IFC President Is ‘Always On,’ Never Off

Coming off her network’s best year, hard-charging Caserta looks to continue ratings momentum
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The year 2013 was a good one for IFC president/GM Jennifer Caserta. It was her first full year at the helm of the former Independent Film Channel, and with new series such as Maron and The Birthday Boys, the network that has successfully positioned itself as the home of offbeat sitcoms posted the best year in its history, thanks to double-digit ratings gains.

“We feel like we’re on to something,” said Caserta, noting that the network’s good fortunes actually stretch back a couple of years. “We are seeing growth every year.”

Caserta is planning for 2014 to continue that ratings momentum with IFC’s largest original programming slate. The lineup includes a fourth season of the net’s branddefining sketch show Portlandia, another installment of R. Kelly’s hip-hop opera Trapped in the Closet and its first all-female series, Garfunkel & Oates.

IFC got the ball rolling with the Jan. 9 premiere of The Spoils of Babylon, its miniseries/“ big TV event” parody under Will Ferrell and Adam McKay’s Funny Or Die banner.

Caserta noted that with miniseries making a comeback right now, the timing of Spoils is a happy coincidence. “I don’t think many networks would take a chance on something like this,” she said, adding it was one of the few series she got to be in the pitch room for. “They told us what it was, and we got it immediately.”

Spoils of Babylon was exactly the type of offbeat comedy Caserta had in mind when she led the 2010 rebrand of the channel, which saw it transition away from an indie film network.

Around 2008 Caserta “had a hunch” that the network could be more than a place for little-known, small-budget films. So she and her team began to experiment with nontraditional scripted comedies, which they found through audience research were the programs that performed best compared to their indie film roster. That sold Caserta on rebranding the net as a destination for smart comedy. “We knew that we had to more seriously commit to an original programming strategy,” she said.

Caserta then helped the network come up with its “Always On. Slighty Off.” tagline, which she said comes from the phrase “off the beaten path.” She jokes that internally, IFCers refer to their brand pointedly as “Sh*t You Can’t Find Anywhere Else.”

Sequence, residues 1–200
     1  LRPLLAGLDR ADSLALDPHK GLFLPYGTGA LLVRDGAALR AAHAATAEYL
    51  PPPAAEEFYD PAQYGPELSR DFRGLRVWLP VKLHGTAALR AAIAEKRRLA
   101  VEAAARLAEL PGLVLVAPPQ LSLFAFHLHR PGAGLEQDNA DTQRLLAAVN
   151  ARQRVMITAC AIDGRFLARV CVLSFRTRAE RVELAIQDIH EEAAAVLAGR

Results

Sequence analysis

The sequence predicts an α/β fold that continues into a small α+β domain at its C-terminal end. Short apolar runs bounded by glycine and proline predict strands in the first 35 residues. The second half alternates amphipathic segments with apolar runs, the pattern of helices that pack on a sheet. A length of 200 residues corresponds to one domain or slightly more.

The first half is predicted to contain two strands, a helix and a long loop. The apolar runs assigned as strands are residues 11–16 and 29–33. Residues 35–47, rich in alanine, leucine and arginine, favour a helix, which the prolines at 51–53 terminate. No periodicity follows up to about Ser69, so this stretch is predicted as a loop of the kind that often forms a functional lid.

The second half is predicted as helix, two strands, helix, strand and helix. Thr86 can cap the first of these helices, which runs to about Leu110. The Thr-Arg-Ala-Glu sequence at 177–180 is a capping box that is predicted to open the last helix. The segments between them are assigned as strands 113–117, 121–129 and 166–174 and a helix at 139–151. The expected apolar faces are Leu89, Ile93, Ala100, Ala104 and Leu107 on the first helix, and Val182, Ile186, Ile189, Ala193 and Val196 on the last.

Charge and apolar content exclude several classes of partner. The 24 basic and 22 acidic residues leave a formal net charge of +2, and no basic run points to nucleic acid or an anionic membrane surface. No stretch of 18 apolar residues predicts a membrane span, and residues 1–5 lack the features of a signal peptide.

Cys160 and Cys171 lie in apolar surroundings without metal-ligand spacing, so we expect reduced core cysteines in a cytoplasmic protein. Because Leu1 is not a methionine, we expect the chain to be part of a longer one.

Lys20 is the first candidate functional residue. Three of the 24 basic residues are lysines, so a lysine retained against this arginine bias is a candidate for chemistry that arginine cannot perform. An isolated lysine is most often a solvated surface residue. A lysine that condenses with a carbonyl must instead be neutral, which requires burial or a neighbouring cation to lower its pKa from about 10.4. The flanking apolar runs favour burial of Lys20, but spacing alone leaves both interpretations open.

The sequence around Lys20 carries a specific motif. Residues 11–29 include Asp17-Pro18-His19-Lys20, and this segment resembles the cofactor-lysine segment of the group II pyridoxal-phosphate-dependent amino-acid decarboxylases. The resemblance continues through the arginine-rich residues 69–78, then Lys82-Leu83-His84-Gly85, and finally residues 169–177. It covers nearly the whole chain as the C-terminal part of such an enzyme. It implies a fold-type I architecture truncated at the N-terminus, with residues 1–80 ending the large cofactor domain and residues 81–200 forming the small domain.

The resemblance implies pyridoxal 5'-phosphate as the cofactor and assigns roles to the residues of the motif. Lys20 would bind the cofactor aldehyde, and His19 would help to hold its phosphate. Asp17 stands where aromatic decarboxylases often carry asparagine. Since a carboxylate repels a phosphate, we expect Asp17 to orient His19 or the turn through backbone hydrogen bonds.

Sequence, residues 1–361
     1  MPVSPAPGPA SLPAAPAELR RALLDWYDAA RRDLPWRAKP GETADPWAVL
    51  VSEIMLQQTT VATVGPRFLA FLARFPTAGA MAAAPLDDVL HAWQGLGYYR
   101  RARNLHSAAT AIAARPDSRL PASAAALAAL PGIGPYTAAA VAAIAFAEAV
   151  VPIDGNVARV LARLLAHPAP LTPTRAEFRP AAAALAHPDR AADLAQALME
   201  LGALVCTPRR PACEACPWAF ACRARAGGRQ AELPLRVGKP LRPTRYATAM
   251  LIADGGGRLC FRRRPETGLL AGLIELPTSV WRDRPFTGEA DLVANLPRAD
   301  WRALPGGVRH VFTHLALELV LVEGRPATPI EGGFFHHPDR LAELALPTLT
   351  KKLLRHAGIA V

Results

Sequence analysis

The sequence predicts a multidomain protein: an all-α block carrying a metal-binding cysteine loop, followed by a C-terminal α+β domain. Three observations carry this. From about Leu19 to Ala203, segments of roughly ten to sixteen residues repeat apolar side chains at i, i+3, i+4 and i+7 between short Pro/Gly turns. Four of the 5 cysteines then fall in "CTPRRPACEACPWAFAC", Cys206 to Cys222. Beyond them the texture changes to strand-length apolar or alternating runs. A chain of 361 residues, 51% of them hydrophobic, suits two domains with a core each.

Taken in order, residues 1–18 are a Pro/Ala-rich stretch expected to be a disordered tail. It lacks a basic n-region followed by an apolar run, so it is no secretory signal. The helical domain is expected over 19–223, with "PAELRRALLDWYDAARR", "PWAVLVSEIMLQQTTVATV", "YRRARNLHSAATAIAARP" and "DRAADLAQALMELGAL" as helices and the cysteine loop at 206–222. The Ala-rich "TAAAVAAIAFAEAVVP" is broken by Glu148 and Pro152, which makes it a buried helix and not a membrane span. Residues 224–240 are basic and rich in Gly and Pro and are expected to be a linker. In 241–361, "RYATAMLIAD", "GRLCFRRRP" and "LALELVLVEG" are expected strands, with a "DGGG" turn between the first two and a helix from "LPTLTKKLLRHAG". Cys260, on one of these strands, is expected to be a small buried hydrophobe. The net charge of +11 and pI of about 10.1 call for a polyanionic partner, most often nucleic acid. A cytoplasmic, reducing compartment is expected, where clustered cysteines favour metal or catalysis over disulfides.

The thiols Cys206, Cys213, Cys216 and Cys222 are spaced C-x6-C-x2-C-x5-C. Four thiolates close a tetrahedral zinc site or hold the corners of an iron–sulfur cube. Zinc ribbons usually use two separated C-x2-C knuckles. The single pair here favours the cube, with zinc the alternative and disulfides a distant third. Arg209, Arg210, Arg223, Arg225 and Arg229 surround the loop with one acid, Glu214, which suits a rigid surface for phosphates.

As part of the brand reboot, Caserta led the transition from a sponsorship model to a fully ad-supported business with public ratings.

While most have referenced the net under its new “IFC” moniker, it was still occasionally referred to under its original name. Earlier this month, Caserta did the paperwork to change the Independent Film Channel moniker.

“The name ‘Independent Film Channel’ has been legally retired and IFC as an acronym now stands for nothing,” Caserta said during the network’s session at the Winter TCA Press Tour. “Starting today, IFC is legally IFC.”

It’s that type of wit—and her frighteningly speedy response to emails—that Caserta’s boss, Ed Carroll, COO of IFC parent company AMC Networks, champions.

“Jen’s sensibility is a great fit for the IFC brand. She has guided the channel toward its unique ‘smart comedy’ position. Her style is very collaborative, and her enthusiasm is infectious,” Carroll said. “She also seems to answer every email within four seconds, regardless of the time of day or night. I find that a little scary.”

A Cable Lifer

Before attending Hunter College, Caserta studied dance at the High School of Performing Arts in Manhattan. But she realized she would have to take a different career path. “I wasn’t necessarily tall enough or talented enough to be on Broadway,” she said.

So she turned to Plan B, television. “I wanted to be in cable since I was in college,” said the self-described “TV junkie.”

Her first TV job was as a marketing manager for Food Network. Seemingly destined to work for smaller-distribution cablers, she later held ad sales and marketing positions at Oxygen and Court TV.

Caserta came to IFC in 2004 as VP of marketing and was there for a couple of years before moving over to then-corporate sibling Fuse as executive VP and GM. Former IFC head Evan Shapiro brought her back to the channel in 2007. She was named president in 2012 after Shapiro left for Participant Media.

Between past experience and her role over the last year and a half, Caserta has learned what it takes to run a network. “If you really just remind yourself and remind your staff of the focus and the mission of the network, it’s amazing how much you can get done,” she said.

The effort and success have not gone unnoticed. In 2010, Caserta was named to the list of “Wonder Women” by Multichannel News and Women in Cable Telecommunications.

Caserta’s busy hours keep her from being too glued to the TV, yet she noted that her lack of sleep allows her to catch up on her favorite shows, which include Sons of Anarchy, It’s Always Sunny in Philadelphia and Girls. “I do have insomnia,” she said with a laugh. “My DVR is always on overdrive.”

The year 2013 was a good one for IFC president/GM Jennifer Caserta. It was her first full year at the helm of the former Independent Film Channel, and with new series such as Maron and The Birthday Boys, the network that has successfully positioned itself as the home of offbeat sitcoms posted the best year in its history, thanks to double-digit ratings gains.

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